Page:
Article Title



E.C. Ranta, T. Vetrone, & D.P. Heil

Montana State University, Bozeman, MT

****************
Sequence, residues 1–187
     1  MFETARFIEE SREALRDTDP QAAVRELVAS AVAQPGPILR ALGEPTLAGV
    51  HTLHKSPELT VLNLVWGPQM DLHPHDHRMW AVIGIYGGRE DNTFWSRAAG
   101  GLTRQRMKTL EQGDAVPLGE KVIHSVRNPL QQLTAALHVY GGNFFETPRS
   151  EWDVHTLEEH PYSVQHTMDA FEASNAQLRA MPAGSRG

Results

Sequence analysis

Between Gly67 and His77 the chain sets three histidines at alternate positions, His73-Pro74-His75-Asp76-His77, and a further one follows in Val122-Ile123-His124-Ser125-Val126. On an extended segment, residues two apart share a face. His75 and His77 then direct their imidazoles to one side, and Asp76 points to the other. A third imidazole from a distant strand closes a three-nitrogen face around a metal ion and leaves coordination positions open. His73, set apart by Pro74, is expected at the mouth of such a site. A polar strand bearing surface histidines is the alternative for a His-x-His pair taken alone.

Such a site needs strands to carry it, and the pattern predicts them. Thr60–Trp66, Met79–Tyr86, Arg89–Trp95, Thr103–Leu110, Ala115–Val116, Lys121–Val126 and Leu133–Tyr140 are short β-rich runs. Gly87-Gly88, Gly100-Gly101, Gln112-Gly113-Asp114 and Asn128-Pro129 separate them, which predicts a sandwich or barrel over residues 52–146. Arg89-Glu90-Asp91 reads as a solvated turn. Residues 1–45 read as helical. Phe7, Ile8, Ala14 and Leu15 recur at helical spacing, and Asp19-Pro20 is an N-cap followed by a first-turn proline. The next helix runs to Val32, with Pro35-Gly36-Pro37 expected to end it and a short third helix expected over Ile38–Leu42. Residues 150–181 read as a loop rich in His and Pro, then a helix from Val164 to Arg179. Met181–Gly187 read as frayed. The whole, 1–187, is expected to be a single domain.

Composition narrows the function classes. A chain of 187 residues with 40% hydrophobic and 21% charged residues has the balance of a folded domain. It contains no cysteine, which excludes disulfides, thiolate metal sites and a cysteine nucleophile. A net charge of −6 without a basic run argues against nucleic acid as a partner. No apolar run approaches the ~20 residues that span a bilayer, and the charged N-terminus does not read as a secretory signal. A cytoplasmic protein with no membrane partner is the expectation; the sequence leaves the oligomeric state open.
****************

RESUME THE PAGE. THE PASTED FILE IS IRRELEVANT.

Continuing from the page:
The unique population of Masters-level cross country ski racers has been largely overlooked in prior ski research. In order to accurately develop coaching techniques for Masters skiers, current training practices and race strategies must first be understood. Collecting heart rate (HR) response data, through the use of telemetry-based heart rate monitor (HRM) systems, is one method of characterizing these athletes. PURPOSE: This study tested the feasibility of utilizing HRMs as a means to collect HR data on multiple Masters-level cross country ski racers competing simultaneously. A secondary purpose was to explore correlations between warm-up (WU) and race HR responses. METHODS: Five men and two women volunteered to participate in the study. Two subjects were dropped from the results due to incomplete data collection and imprecise HRM recordings. The remaining four men (M±SD: 43±7 yrs; 71.8±5.3 kg; 179.1±2.5 cm; 8±4.3 yrs race experience) and one woman (38 yrs; 67.1 kg; 172.7 cm; 1 yr race experience) wore telemetry-based HRM systems (set at 5-sec sample intervals) during a 15-km skate ski race, in addition to the 45-min WU period immediately preceding the race. Subjects were instructed to warm-up and race as they would normally. Participants also filled out an online questionnaire for self-reporting of demographic, training, and racing history. HR data was downloaded to a computer and summarized for both the WU and race periods. Race HR was defined as two minutes past the initial onset of a steady-state HR through the last highest recorded HR value. Summary HR values were then combined with race performance times and compared using Pearson’s correlation at an alpha of 0.10. RESULTS: Average race and WU HR were 168±4 BPM and 124±16 BPM, respectively, while WU HR as a percentage of race HR was 74%±7%. Race time correlated significantly with WU time spent at or above average race HR (r =0 .971; P = 0.006), while average race HR correlated significantly with average WU HR (r = 0.948; P = 0.014) as well as WU time spent within the subject’s range of race HR (r =0 .930; P = 0.022). CONCLUSION: The use of telemetry-based HRM systems are a feasible option for characterizing the WU and race HR response patterns of Masters-level skiers despite the mass start format and extremely cold air temperatures (-22˚C). Additionally, WU HR patterns correlated well with self-selected race pacing strategies within this particular population. Although future studies would benefit from increasing subject recruitment and reducing HRM data collection errors, similar methodological strategies are practical for further examining the training and racing practices of Masters-level cross country skiers.

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